The Domestic Assault of Women: Psychological and Criminal Justice Perspectives

By Donald G. Dutton | Go to book overview

6
Effects on the Victim

Never again will you be capable of ordinary human feeling. Everything will be dead inside of you. Never again will you be capable of love, or friendship, or joy of living, or laughter, or curiosity, or courage, or integrity. You will be hollow. We shall squeeze you empty, and then we shall fill you with ourselves.

- George Orwell, 1984

Over the last decade a considerable literature has developed on the psychological effects of victimhood, describing reactions to being a victim of rape (Schram 1978; Burgess 1983; Meyer & Taylor 1986), hostage-takings (Strentz 1977; Flynn 1986; Terr 1991), assault (Sales, Baum, & Shore 1984; Ochberg 1988; Herman 1992), sexual assault (Scheppele & Bart 1983), incest (Silver, Boon, & Stones 1983; Eth & Pynoos 1985), and technological disaster (Baum, Fleming, & Singer 1983). Out of this victimization literature researchers have developed some understanding of the cognitive means victims use to regain feelings of self-control (Janoff-Bulman & Lang-Gunn 1985; Wortman 1976) and the models that attempt to account for successful victim recovery (Sales, Baum, & Shore 1984). In this section, we will examine this general literature on victim reactions with a view to how it might apply to assaulted women.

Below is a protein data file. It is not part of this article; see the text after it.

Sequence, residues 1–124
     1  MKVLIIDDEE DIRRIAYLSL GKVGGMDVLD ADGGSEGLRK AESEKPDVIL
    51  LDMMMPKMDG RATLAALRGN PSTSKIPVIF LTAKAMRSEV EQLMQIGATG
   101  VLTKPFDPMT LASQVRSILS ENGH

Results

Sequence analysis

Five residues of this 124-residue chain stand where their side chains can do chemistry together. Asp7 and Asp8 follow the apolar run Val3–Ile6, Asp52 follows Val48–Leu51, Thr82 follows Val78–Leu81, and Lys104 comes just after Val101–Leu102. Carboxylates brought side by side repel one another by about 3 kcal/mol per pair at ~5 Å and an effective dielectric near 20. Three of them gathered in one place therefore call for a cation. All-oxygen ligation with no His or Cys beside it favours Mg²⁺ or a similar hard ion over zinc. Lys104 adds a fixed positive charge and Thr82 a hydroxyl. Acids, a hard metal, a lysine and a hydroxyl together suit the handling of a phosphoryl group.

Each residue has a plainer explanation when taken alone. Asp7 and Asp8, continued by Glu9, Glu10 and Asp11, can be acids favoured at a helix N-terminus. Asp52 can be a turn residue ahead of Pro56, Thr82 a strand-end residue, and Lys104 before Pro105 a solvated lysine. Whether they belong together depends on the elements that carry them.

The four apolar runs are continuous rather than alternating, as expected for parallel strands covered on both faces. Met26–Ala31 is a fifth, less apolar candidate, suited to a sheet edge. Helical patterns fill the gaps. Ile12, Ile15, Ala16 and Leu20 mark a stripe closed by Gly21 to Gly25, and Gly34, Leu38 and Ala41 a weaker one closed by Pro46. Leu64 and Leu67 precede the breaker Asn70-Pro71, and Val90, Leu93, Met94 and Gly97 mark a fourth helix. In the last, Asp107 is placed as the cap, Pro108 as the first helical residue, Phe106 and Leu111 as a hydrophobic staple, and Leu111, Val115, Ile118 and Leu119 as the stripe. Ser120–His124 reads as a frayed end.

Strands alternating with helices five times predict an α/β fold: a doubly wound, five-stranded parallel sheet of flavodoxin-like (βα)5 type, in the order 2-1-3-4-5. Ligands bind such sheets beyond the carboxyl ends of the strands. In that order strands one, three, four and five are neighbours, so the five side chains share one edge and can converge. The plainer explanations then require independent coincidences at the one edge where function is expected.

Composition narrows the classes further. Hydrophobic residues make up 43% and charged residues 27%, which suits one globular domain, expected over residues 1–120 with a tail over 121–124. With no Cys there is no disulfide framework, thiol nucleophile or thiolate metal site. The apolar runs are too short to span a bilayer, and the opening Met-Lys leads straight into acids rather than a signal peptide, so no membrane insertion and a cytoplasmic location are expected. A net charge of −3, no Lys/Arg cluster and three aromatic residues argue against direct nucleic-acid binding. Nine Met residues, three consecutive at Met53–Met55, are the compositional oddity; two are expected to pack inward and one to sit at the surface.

Victim Reactions to Traumatic Events

Studies on victim reactions have focused on aftermath effects, both emotional and cognitive, and on post-trauma decisions such as reporting the attack to police, proceeding with charges, and staying with or leaving the abuser. Fattah (1981) reviewed these studies and concluded that, as far as post-victimization reactions were concerned, generalizations were difficult to make. Victim reactions appeared to depend on a variety of factors, such

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